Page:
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Endocrinology

Involvement of nitric oxide in iodine deficiency-induced microvascular remodeling in the thyroid gland: role of nitric oxide synthase 3 and ryanodine receptors.


PMID 25406019

Abstract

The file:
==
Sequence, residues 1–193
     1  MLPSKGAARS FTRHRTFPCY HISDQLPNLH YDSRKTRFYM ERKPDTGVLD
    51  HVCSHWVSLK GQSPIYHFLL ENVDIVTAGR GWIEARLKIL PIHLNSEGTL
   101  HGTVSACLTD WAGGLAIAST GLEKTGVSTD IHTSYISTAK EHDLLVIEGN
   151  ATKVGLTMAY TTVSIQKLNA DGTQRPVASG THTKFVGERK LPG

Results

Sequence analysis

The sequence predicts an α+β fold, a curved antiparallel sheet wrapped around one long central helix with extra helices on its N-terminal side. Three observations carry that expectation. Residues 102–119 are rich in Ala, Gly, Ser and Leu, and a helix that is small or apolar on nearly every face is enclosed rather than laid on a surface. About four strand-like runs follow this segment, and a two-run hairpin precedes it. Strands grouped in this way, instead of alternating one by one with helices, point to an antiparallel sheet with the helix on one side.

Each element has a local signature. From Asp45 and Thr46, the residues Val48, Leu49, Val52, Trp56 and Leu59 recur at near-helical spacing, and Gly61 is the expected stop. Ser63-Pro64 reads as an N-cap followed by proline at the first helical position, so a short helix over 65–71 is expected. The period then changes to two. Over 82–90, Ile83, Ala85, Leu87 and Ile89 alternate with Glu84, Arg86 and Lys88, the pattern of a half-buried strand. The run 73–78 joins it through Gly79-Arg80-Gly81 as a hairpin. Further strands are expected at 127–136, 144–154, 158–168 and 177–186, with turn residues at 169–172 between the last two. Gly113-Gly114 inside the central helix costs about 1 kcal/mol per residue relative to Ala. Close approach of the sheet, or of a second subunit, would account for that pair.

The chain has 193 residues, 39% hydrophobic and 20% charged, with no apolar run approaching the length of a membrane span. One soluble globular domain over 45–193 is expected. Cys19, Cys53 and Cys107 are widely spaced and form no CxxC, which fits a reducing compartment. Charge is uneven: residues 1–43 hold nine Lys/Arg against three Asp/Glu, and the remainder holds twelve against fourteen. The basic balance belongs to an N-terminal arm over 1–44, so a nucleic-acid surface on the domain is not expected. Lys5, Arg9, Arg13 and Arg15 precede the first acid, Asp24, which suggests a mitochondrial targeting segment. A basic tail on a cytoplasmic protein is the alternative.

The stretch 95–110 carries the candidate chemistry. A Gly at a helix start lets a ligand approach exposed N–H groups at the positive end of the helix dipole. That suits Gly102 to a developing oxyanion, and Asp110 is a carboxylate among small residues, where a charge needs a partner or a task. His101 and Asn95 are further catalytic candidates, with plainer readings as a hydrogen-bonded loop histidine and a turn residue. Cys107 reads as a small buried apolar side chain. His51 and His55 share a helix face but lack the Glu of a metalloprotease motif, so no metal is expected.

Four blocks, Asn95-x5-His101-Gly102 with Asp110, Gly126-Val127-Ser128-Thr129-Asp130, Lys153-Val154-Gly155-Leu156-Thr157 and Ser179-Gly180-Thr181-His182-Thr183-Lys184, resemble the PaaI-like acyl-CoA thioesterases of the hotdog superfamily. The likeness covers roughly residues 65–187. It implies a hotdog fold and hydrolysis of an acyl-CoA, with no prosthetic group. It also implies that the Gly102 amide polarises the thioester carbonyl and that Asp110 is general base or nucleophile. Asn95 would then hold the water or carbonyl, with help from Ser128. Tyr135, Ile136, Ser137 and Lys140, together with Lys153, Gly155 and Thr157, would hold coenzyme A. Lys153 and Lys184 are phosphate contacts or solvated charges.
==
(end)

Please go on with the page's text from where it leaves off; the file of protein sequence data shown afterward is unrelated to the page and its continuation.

Iodine deficiency (ID) induces microvascular changes in the thyroid gland via a TSH-independent reactive oxygen species-hypoxia inducible factor (HIF)-1α-vascular endothelial growth factor (VEGF) pathway. The involvement of nitric oxide (NO) in this pathway and the role of calcium (Ca(2+)) and of ryanodine receptors (RYRs) in NO synthase 3 (NOS3) activation were investigated in a murine model of goitrogenesis and in 3 in vitro models of ID, including primary cultures of human thyrocytes. ID activated NOS3 and the production of NO in thyrocytes in vitro and increased the thyroid blood flow in vivo. Using bevacizumab (a blocking antibody against VEGF-A) in mice, it appeared that NOS3 is activated upstream of VEGF-A. L-nitroarginine methyl ester (a NOS inhibitor) blocked the ID-induced increase in thyroid blood flow in vivo and NO production in vitro, as well as ID-induced VEGF-A mRNA and HIF-1α expression in vitro, whereas S-nitroso-acetyl-penicillamine (a NO donor) did the opposite. Ca(2+) is involved in this pathway as intracellular Ca(2+) flux increased after ID, and thapsigargin activated NOS3 and increased VEGF-A mRNA expression. Two of the 3 known mammalian RYR isoforms (RYR1 and RYR2) were shown to be expressed in thyrocytes. RYR inhibition using ryanodine at 10μM decreased ID-induced NOS3 activation, HIF-1α, and VEGF-A expression, whereas RYR activation with ryanodine at 1nM increased NOS3 activation and VEGF-A mRNA expression. In conclusion, during the early phase of TSH-independent ID-induced microvascular activation, ID sequentially activates RYRs and NOS3, thereby supporting ID-induced activation of the NO/HIF-1α/VEGF-A pathway in thyrocytes.